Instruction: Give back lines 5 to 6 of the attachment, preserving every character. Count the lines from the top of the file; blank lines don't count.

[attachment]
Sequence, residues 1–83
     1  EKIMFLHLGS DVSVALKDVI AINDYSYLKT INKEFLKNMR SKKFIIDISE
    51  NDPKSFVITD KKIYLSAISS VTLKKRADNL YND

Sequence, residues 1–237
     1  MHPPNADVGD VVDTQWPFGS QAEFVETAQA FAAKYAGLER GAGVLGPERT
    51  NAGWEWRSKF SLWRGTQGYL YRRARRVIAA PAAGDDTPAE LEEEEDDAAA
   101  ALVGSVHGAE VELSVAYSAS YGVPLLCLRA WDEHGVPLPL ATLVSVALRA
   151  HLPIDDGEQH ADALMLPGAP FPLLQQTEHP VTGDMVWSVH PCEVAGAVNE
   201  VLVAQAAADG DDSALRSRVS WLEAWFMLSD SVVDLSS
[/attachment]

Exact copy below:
     1  MHPPNADVGD VVDTQWPFGS QAEFVETAQA FAAKYAGLER GAGVLGPERT
    51  NAGWEWRSKF SLWRGTQGYL YRRARRVIAA PAAGDDTPAE LEEEEDDAAA